Preparation and Freedom ~ T. Rowe Price’s 529 College Savings Plan

When we found out our first baby was going to be a boy, my friends and family giggled. I have always leaned toward calmer, less risky activities. Being raised in a house full of girls, it was pretty easy to avoid things like climbing trees, wrestling, and, well, anything that could cause an injury. Everyone (including me) was certain I would have trouble keeping up with a boy. Luckily that little boy knew just how to get me comfortable with all those rough and tumble boy traits I’d heard so much about.

Big M figured out the army crawl at 4 months and by 5 months was into everything. He started walking (or should I say running) at 7 months. While I did get plenty of hugs and cuddles, sitting with Mommy was not on his to-do list. He was off to explore, and there was no stopping him.

I learned very quickly that the best way for me to help him grow, encourage his independence, and allow him to learn about the world around him was to be proactive and prepared. My favorite past time became watching the reactions of those same giggly friends as my tiny baby raced around with no fear. It was me who reassured them, “He’s fine and every time he stumbles he learns how get up even faster.”

I don’t have many pictures of him moving. (I was busy chasing!) You can see how little he was in this one though. Ahhh so long ago!

Over these past seven years, Big M has reminded me again and again that the best way I can provide him with the freedom he needs to learn and create is to set up his environment with options… and then let him go.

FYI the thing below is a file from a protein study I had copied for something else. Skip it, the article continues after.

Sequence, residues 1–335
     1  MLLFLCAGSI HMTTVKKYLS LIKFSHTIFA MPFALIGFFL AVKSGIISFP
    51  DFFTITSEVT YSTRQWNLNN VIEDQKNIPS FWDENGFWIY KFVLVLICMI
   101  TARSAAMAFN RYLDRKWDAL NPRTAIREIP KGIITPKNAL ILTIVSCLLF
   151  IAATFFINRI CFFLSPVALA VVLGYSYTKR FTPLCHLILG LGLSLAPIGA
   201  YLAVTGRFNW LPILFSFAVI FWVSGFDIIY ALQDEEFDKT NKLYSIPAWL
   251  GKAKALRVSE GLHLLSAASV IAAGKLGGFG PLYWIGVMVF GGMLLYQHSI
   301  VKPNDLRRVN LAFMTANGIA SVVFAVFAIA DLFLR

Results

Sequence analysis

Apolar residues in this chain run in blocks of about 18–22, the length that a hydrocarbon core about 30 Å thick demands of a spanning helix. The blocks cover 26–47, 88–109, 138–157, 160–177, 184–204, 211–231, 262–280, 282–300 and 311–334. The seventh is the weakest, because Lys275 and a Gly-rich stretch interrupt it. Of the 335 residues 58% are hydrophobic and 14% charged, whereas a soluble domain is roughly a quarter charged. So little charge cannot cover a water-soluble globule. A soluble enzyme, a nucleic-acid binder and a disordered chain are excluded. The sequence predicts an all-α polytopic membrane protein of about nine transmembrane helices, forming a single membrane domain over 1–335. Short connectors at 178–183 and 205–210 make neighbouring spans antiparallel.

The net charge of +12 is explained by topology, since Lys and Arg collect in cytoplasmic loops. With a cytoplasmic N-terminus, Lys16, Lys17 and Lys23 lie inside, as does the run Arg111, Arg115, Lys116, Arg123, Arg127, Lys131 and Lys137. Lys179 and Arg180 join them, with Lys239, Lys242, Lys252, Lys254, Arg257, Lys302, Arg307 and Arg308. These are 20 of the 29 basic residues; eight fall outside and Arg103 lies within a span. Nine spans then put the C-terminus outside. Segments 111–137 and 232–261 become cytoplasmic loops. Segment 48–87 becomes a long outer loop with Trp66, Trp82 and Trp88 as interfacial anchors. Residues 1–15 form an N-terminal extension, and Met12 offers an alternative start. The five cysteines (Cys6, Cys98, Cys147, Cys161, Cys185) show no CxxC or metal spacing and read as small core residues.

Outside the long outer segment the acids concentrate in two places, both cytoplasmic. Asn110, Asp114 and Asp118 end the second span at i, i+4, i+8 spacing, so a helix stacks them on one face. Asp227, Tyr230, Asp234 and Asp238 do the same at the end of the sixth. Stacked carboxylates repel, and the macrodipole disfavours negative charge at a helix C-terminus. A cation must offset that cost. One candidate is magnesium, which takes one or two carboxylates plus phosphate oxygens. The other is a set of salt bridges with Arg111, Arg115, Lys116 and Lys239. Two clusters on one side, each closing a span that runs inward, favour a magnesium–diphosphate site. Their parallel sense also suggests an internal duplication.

As he gets older, preparation and freedom will be just as important as they were to that itty bitty explorer. We can set him up for success in so many ways: emotionally, socially, educationally and financially. If we take the time to prepare, he will have the freedom to make choices when he becomes a young man. (As much as I don’t want to think about that… I know it will come so quickly.)

T. Rowe Price offers a College Saving Plan perfect for getting parents set up to offer just those types of freedoms to their kids.

What I love about T. Rowe Price’s 529 College Savings Plan

~Savings can be used at nearly any college in the country.

~Anyone can contribute to an account. (Think birthday presents for the kids who have EVERYTHING!)

~You decide how much to invest and which investment options to choose.

~You can open an account with as little as $250 or a $50 recurring contribution.

Visit the T. Rowe Price College Savings Plan site to learn how to get started.

How do you prepare your little one’s environment to encourage independence?


The T. Rowe Price College Savings Plan is offered by the Education Trust of Alaska. You should compare this plan with any 529 college savings plan offered by your home state or your beneficiary’s home state and consider, before investing, any state tax or other benefits that are only available for investments in the home state’s plan. Please read the Plan’s Disclosure Document which includes investment objectives, risks, fees, charges and expenses, and other information. You should read the Plan Disclosure Document carefully before investing. For other important legal information, please read the Plan’s Privacy Policy. T. Rowe Price Investment Services, Inc., Distributor/Underwriter.